7 Critical Things To Know Before Selling Your Business

Selling a business is never a straight forward process. However, the upside can be a life-changing event. When you do decide to sell, there are seven key things you need to know that will help you prepare and optimize your value and chances of a successful exit. Getting it wrong can ruin your opportunity of a sale and can mean many months, or even years, of wasted time and a major lost opportunity. Red flags will be detected by experienced buyers and they will quickly pass on your business.

1. Don’t Live in the Past

The previous success of a business (three or more years prior) is largely irrelevant at the time of sale, especially if it has been struggling in the last year or two. Buyers are interested in recent performance (Valuations are based on the last 12 months) and future sustainability and viability including your current forecast. Failing to grasp this concept will be very costly and waste a lot of time.

2. Buyers Won’t Pay More for Potential

The valuation determined by buyers for the potential sale of your business will be based on the trailing twelve months (TTM) X an EBITDA multiple. I regularly speak to CEOs who believe they have a potential “Home run” and expect to command a top sale price based on perceived potential alone or a big Forecast. This is not how it works and buyers put minimal value on the future. If a business did $10 Million in sales last year, with $300,000 in EBITDA, the value will be minimized in the eyes of the vast majority of potential buyers, despite your lofty Forecast for $15 Million in Sales and $3 Million in EBITDA this coming year.

3. Buyers are Interested in Profits, Not Revenue

Another common misconception is that buyers are easily impressed with revenue figures. This holds true with SaaS software companies, but only to a certain degree. Revenue always sounds good, but when it comes down to it the only number that matters in the great majority of M&A transactions is the Net Profit and EBITDA a business generates. Experienced business buyers want to see Net Profit and EBITDA, not just revenue. Revenue of $10 Million or more will attract them as a potential buyer but EBITDA is primarily the factor for valuation.

4. Buyers Will Verify All Information in Due Diligence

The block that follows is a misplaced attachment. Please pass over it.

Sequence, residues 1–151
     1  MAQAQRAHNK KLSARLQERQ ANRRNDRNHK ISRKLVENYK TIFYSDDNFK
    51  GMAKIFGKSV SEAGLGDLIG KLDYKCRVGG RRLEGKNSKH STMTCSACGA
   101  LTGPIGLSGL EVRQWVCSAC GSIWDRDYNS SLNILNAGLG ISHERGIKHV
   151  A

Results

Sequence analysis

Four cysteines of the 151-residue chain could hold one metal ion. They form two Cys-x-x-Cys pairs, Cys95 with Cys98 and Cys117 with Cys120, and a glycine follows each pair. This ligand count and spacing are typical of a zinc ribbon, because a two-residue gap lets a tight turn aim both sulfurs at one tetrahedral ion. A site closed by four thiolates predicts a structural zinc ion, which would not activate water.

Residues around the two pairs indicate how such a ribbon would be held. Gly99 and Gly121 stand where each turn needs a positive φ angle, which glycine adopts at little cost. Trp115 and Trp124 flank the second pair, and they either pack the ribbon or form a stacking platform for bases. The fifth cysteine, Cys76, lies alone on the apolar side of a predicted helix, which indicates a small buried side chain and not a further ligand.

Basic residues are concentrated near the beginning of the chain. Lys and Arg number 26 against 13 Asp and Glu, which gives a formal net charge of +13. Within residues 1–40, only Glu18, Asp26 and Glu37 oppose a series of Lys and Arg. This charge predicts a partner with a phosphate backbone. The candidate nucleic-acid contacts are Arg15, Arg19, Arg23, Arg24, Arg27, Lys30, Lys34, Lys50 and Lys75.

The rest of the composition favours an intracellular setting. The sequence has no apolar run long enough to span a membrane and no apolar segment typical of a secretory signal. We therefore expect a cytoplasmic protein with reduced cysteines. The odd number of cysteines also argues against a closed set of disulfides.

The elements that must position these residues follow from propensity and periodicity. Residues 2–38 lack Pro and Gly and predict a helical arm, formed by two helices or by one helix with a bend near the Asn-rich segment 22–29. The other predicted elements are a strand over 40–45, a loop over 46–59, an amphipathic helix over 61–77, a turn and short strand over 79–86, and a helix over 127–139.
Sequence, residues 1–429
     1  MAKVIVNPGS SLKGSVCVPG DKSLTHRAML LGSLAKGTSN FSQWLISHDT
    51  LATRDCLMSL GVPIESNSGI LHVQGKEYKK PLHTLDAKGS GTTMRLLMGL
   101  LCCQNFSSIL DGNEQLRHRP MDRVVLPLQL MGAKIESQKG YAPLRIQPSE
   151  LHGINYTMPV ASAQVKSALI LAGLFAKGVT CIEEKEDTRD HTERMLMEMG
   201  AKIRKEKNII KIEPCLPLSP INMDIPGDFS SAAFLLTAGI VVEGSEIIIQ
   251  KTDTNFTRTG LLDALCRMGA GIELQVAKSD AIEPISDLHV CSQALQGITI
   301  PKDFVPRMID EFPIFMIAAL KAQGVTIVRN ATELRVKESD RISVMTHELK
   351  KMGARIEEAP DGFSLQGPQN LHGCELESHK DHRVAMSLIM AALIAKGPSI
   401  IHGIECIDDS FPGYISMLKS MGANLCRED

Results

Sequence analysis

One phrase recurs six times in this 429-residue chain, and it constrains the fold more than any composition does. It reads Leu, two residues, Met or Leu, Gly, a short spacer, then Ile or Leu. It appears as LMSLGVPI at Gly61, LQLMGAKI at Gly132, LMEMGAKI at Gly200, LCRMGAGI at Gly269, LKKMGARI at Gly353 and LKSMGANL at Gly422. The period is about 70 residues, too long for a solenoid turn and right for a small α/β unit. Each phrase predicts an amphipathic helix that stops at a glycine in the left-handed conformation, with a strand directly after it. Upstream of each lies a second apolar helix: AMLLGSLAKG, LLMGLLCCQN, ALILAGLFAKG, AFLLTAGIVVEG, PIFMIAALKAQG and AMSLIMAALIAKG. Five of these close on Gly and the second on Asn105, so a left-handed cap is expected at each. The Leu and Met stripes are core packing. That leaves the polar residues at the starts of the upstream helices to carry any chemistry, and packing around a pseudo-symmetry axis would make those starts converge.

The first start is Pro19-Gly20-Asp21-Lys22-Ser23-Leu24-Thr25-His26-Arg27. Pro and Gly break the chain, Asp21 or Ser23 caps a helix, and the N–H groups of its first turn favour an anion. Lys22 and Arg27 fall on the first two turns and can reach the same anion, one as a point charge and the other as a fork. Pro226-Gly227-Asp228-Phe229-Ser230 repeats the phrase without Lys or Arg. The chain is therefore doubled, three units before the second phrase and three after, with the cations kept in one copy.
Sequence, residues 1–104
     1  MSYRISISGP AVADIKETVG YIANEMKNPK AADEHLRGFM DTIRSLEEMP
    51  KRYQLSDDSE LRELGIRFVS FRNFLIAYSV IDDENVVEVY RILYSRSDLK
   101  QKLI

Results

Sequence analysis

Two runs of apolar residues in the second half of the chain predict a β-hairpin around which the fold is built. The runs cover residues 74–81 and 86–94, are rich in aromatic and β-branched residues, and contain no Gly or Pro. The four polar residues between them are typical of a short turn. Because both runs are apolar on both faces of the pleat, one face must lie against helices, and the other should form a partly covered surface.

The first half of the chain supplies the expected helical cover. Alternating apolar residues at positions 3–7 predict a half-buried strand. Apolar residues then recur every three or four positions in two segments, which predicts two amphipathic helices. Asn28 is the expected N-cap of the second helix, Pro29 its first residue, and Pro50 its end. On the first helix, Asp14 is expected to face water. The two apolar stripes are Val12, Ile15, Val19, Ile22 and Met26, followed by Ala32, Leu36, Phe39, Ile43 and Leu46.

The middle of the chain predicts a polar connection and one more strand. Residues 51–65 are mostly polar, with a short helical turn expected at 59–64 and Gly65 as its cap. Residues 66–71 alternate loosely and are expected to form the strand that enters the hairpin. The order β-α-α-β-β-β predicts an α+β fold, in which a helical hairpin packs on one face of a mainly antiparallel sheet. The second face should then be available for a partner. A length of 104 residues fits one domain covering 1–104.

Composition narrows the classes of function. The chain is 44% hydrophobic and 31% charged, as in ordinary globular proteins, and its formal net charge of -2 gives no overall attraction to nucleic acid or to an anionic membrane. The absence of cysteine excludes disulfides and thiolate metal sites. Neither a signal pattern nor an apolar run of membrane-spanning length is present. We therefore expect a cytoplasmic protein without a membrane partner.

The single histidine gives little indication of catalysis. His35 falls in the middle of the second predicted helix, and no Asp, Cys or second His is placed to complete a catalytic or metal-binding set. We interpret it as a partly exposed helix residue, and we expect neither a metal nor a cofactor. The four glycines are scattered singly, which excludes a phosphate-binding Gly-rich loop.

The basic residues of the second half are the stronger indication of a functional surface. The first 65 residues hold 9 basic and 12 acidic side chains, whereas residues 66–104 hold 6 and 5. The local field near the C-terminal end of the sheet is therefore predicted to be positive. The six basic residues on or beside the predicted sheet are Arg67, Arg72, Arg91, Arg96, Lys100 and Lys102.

Once an offer is finalized, Due Diligence begins to verify a lot of seller information in a 30 – 40 day period. Due Diligence requires expertise, organization and preparation. You will not progress to the next step of the sales process – the legal agreements – until you pass the Due Diligence phase.

5. Be Both Expeditious and Patient

The sale of your business will be extremely time consuming and require a lot of experience and expertise. You want to keep the sale process on track and make progress on a daily and weekly basis. Otherwise, the sale process will drag on and an excessive amount of your time will be consumed and expenses will mount up quickly. At the same time, show poise, professionalism and patience as this buyer is your future employer. An M&A advisor is critical to lead the sale process due to the time and expertise required to consummate a transaction.

6. Be Honest, Flexible and Extremely Prudent

The truth will prevail and you need to build trust with the buyer. Experienced buyers understand that every business is going to have positives and negatives. There is no such thing as a perfect business so the best method is to be transparent and respond timely to the buyers requests. If you are honest and transparent from the start there is less risk of a deal going sour because the buyer uncovered something during Due Diligence that wasn’t accurate or an instance where the truth was stretched. Honesty is the best policy in all business transactions and selling your business is no different. With that, you must be very prepared and prudent in how you present the information to get the results you desired. Again, an M&A advisor should manage and lead the sale process, as well as, communicate with the buyer on your behalf.
7. You Need an Experienced Business/M&A Advisor to Ensue a Successful Sale

The goal is to consummate a sale at an optimal price and terms. This will require the experience, expertise and a tremendous amount of time invested by an M&A Advisor – from the preparation leading up to the sale, securing a buyer, conducting Due Diligence, advising the CEO through the entire process and keeping the sale on track all the way to the closing.
Contact Mark Hartsell, MBA, President of CEO Advisor, Inc. at (949) 629-2520, by email at MHartsell@CEOAdvisor.com or visit us at www.CEOAdvisor.com for more information or to schedule a no cost initial consultation at your office.

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